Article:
Those PotashCorp hoppers kicked up a lot of snow.

Mmmm, potash
I decided to give chase and maybe get ahead of them for another shot. Since they were an eastbound, the light would be a lot better.

Track 3 - Walking Down Your Street

As I pursued them, it became clear that there was going to be a meet, as the headlights of another westbound were visible in the distance. I had one thing on my mind - to catch the westbound train quickly, then resume the chase.

Dash-9 (C44-9W) CN 2644 was leading the third SD75I of the day, CN 5716, and a solid grain train.
A different light - side light, in fact
The lighting wasn't great and the location wasn't so good either, but hey, I took a few quick shots and I was back on the chase again...

Track 4 - Walk Like An Egyptian

(man, I loved that song)

I passed Diamond, finally catching up to the end of the potash train. As I slowly gained on the train, car by car, I saw another westbound train rolling by on the south track - a container train. I made a quick decision and gave up on the potash train.

A quick U-turn brought me back toward Diamond to get the container train. No cops - maybe they were hanging out at the donut shop. I pulled over down the road and ran out to grab CN 2968 (ES44AC) at the head end of what I assume was Q101, a hot intermodal train.
CN 2968 leading a container train outside Winnipeg
The train rolled along pretty swiftly, and after a few minutes the mid-train DPU came into view, an ET44AC, CN 3069.

CN 3069 mid-train outside Winnipeg
It was turning into quite a nice morning!

Remember these chairs? Still here, apparently.
Another ES44AC was on the tail end, CN 2961. This one was pretty snow covered, which made me wonder if maybe this was the leader on an eastbound train earlier, and was now heading back west.

Ummm, you have a little something on your face.

After that, I figured if I was going to go see CP, I'd better get on with it.

Track 5 - Standing in the Hallway

I headed up the Perimeter Highway to the CP Carberry sub. There were two CP trains there, passing each other on the two tracks!

I was amazed, because it's good luck to see even one CP train these days. One was heading east into Winnipeg and one was heading west. I had no chance of getting the eastbound before it reached the yard, so I went west, young man.

It took a while to catch up to it, as you have to slow to 50 km/hr through Rosser and the road isn't parallel to the track all the way along. I got ahead of it before Meadows and elected to shoot it with the elevator. Here's the "coming" shot as they approached the Paterson grain elevator, which was off to the left of the photo.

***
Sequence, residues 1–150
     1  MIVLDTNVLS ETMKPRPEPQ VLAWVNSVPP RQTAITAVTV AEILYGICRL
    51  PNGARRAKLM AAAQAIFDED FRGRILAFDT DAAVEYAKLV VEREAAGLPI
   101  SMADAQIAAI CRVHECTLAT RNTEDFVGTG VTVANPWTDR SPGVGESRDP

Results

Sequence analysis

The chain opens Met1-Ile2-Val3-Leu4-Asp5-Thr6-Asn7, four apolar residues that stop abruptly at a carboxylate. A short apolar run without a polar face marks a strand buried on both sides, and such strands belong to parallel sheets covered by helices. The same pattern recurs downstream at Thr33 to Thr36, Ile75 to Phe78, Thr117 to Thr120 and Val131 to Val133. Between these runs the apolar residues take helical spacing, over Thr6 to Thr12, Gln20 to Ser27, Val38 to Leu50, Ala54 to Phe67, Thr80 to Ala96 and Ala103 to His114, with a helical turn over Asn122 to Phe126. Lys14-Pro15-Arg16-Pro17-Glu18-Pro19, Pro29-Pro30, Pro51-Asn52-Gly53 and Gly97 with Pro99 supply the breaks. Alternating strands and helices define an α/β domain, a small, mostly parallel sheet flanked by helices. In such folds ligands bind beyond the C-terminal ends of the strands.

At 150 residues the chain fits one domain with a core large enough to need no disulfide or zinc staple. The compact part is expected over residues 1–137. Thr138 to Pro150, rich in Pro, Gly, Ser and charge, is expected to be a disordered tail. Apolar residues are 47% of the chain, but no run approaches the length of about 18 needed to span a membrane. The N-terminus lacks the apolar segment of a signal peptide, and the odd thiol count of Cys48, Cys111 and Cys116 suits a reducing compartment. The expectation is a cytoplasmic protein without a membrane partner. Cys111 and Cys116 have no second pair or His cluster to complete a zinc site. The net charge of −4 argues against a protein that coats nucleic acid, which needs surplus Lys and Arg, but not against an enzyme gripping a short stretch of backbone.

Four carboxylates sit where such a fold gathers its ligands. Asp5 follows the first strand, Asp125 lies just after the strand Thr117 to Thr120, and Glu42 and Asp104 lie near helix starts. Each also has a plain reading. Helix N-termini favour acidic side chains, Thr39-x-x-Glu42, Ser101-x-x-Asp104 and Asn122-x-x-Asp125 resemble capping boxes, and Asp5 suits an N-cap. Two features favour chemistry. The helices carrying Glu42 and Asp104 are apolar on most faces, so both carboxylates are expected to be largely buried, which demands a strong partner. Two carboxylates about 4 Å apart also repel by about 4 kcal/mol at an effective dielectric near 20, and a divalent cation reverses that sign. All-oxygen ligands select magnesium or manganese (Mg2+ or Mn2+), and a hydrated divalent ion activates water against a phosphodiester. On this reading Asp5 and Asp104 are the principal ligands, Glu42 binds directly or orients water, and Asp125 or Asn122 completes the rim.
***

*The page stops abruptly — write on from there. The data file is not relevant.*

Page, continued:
CP 9371 West through Meadows, Manitoba
Since it was morning and the sun was in the east, I couldn't shoot a conventional "passing the elevator" photo without some severe backlighting. I decided to try this shot instead. I'm fairly happy with it.

CP 9371 and the Meadows elevator
Note the birds deserting the elevator as CP 9371 and CP 8702 rumbled by.

I moved around a bit to try different angles as the seemingly endless container train rolled by. I shot the DPU locomotive, CP 8828, from more of the sun side.

CP 8828 passing the Meadows grain elevator
I tromped through the snow to get the last shot of the tail end of the train passing the elevator. Good thing I had my winter boots on!
Container train and grain elevator
I see that CP is carrying Canadian Tire containers again. For a while they were on CN... maybe they are on both now. Anyone know?

So that was fun, but it was time to start heading home.

Track 6 - Return Post

I passed through Rosser again - 50 km/hr grumble grumble - and as I approached the Viterra elevator by the Perimeter Highway, I saw headlights on the rails. Another train!

The funny thing was that the headlights were high on the hood, not in the nose like Canadian locomotives have. At first I thought it was an American locomotive like a Norfolk Southern engine, but it turned out to be CP 2304 running long hood forward.

CP 2304, running long hood forward